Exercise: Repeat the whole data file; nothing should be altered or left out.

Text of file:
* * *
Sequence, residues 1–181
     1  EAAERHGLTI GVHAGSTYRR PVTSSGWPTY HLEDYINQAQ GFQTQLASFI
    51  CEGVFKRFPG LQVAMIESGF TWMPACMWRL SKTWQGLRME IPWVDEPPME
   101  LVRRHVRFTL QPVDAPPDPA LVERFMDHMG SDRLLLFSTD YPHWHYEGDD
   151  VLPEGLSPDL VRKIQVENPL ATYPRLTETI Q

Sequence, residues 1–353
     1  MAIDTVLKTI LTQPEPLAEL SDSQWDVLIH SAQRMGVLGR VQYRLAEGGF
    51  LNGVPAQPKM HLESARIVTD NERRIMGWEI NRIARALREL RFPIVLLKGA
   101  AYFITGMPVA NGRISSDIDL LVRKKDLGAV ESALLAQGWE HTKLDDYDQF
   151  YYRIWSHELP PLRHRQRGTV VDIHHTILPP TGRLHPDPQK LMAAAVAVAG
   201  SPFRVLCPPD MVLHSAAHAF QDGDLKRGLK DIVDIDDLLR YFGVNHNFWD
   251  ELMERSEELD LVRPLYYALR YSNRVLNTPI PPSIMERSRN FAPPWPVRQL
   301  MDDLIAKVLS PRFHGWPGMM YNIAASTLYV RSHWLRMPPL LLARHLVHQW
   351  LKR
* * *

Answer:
Sequence, residues 1–181
     1  EAAERHGLTI GVHAGSTYRR PVTSSGWPTY HLEDYINQAQ GFQTQLASFI
    51  CEGVFKRFPG LQVAMIESGF TWMPACMWRL SKTWQGLRME IPWVDEPPME
   101  LVRRHVRFTL QPVDAPPDPA LVERFMDHMG SDRLLLFSTD YPHWHYEGDD
   151  VLPEGLSPDL VRKIQVENPL ATYPRLTETI Q

Sequence, residues 1–353
     1  MAIDTVLKTI LTQPEPLAEL SDSQWDVLIH SAQRMGVLGR VQYRLAEGGF
    51  LNGVPAQPKM HLESARIVTD NERRIMGWEI NRIARALREL RFPIVLLKGA
   101  AYFITGMPVA NGRISSDIDL LVRKKDLGAV ESALLAQGWE HTKLDDYDQF
   151  YYRIWSHELP PLRHRQRGTV VDIHHTILPP TGRLHPDPQK LMAAAVAVAG
   201  SPFRVLCPPD MVLHSAAHAF QDGDLKRGLK DIVDIDDLLR YFGVNHNFWD
   251  ELMERSEELD LVRPLYYALR YSNRVLNTPI PPSIMERSRN FAPPWPVRQL
   301  MDDLIAKVLS PRFHGWPGMM YNIAASTLYV RSHWLRMPPL LLARHLVHQW
   351  LKR